Airports that want private screeners not getting TSA's help

TSA denied applicants for the first time in 2011
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Airports need guidance when applying for private security screeners, but the Transportation Security Administration isn't giving it to them, the Government Accountability Office says.

Some airport operators have struggled to prove that private screeners would be most cost effective than TSA screeners because they don't know TSA's costs, the GAO says in a report (.pdf) released Dec. 6. Some also said they don't how enough about how TSA grades applicants, and many weren't assigned a point of contact after they applied.

Every airport that has reapplied for private screeners after being denied has eventually been approved.

TSA approved a private airport screening workforce for the first time in 2005. It didn't deny any applicants until January 2011, a month in which it turned down all five pending applicants--four Montana airports and Springfield-Branson National Airport in Missouri.

That January, the agency announced it would only approve those who could show a clear advantage over federal screeners--though all the applicants denied that month had applied before the announcement.

TSA ended that requirement the next year, prompted by the Federal Aviation Administration Modernization and Reform Act of 2012. The law requires TSA to approve private-screener applicants if it doesn't think they'll compromise security or cost efficiency.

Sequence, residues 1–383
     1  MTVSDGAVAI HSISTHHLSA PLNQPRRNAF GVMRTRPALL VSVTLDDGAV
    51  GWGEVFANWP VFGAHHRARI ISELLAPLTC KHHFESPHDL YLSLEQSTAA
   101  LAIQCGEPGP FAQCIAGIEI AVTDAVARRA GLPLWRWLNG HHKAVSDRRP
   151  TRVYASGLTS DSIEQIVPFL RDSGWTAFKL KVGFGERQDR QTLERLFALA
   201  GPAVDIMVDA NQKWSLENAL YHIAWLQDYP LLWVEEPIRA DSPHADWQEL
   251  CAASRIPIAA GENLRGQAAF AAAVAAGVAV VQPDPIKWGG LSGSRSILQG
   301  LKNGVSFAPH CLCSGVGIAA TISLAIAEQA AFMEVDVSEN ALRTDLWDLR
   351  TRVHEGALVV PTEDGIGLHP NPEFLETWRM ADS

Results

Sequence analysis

Three of the Montana airports TSA had rejected later reapplied, and TSA approved all three in 2012.

In June, TSA approved the Orlando, Fla., airport after it applied for the third time in about a year. Other major airports TSA has approved for private screeners are those in San Francisco, Sacramento, Calif., Kansas City, Mo., and Rochester, N.Y.

It total, 16 airports have private screeners, and another six have been approved and are working to hire contractors.

The most frequently cited advantages of private screeners, according to a GAO survey of airport operators, are better customer service and greater flexibility to alter staffing according to seasonal and daily fluctuations in passenger volume.

The survey respondents named few disadvantages, the GAO says. Some voiced concern that a transition to private screeners might be disruptive.

TSA, though, does not compare the performance of federal screeners to private ones. The agency monitors screener performance in general, but the GAO says it should track the types of screeners separately.

That would let the agency see how performance changes after an airport transitions to private screeners.

TSA did hire a private consultant in 2007 to compare federal and private screeners. The contractor found that private screeners were the same as or better than federal screeners in all the skills it measured, including threat detection rate, passenger wait time and customer satisfaction.

For more:
- download the report, GAO-13-208 (.pdf)

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